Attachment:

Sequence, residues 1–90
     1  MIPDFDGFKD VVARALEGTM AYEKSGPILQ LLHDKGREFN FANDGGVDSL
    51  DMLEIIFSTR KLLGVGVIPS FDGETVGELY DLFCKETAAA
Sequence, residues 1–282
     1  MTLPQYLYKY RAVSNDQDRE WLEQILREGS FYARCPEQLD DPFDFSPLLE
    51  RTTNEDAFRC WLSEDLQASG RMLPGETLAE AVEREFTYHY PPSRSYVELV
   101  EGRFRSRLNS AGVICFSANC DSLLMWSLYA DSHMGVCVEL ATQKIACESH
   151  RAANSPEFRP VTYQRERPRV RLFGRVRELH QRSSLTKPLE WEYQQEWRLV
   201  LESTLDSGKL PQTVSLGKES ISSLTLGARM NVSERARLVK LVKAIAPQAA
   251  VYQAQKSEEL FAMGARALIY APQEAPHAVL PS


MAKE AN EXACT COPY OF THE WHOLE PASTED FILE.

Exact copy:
Sequence, residues 1–90
     1  MIPDFDGFKD VVARALEGTM AYEKSGPILQ LLHDKGREFN FANDGGVDSL
    51  DMLEIIFSTR KLLGVGVIPS FDGETVGELY DLFCKETAAA
Sequence, residues 1–282
     1  MTLPQYLYKY RAVSNDQDRE WLEQILREGS FYARCPEQLD DPFDFSPLLE
    51  RTTNEDAFRC WLSEDLQASG RMLPGETLAE AVEREFTYHY PPSRSYVELV
   101  EGRFRSRLNS AGVICFSANC DSLLMWSLYA DSHMGVCVEL ATQKIACESH
   151  RAANSPEFRP VTYQRERPRV RLFGRVRELH QRSSLTKPLE WEYQQEWRLV
   201  LESTLDSGKL PQTVSLGKES ISSLTLGARM NVSERARLVK LVKAIAPQAA
   251  VYQAQKSEEL FAMGARALIY APQEAPHAVL PS